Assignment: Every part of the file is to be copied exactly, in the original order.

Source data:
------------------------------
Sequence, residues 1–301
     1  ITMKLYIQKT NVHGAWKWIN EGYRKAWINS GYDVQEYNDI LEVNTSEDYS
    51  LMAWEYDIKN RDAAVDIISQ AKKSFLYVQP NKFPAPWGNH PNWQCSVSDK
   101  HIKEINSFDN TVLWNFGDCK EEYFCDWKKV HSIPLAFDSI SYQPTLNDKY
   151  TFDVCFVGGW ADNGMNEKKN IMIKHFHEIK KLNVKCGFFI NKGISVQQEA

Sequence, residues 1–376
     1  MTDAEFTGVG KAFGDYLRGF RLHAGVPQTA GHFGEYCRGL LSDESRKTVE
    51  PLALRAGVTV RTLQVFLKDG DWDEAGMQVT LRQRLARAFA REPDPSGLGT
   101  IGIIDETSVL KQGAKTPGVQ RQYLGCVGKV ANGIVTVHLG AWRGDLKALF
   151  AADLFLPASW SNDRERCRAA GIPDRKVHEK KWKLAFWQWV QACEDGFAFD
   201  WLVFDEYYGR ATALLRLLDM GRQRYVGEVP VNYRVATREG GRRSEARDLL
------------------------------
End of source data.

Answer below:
Sequence, residues 1–301
     1  ITMKLYIQKT NVHGAWKWIN EGYRKAWINS GYDVQEYNDI LEVNTSEDYS
    51  LMAWEYDIKN RDAAVDIISQ AKKSFLYVQP NKFPAPWGNH PNWQCSVSDK
   101  HIKEINSFDN TVLWNFGDCK EEYFCDWKKV HSIPLAFDSI SYQPTLNDKY
   151  TFDVCFVGGW ADNGMNEKKN IMIKHFHEIK KLNVKCGFFI NKGISVQQEA

Sequence, residues 1–376
     1  MTDAEFTGVG KAFGDYLRGF RLHAGVPQTA GHFGEYCRGL LSDESRKTVE
    51  PLALRAGVTV RTLQVFLKDG DWDEAGMQVT LRQRLARAFA REPDPSGLGT
   101  IGIIDETSVL KQGAKTPGVQ RQYLGCVGKV ANGIVTVHLG AWRGDLKALF
   151  AADLFLPASW SNDRERCRAA GIPDRKVHEK KWKLAFWQWV QACEDGFAFD
   201  WLVFDEYYGR ATALLRLLDM GRQRYVGEVP VNYRVATREG GRRSEARDLL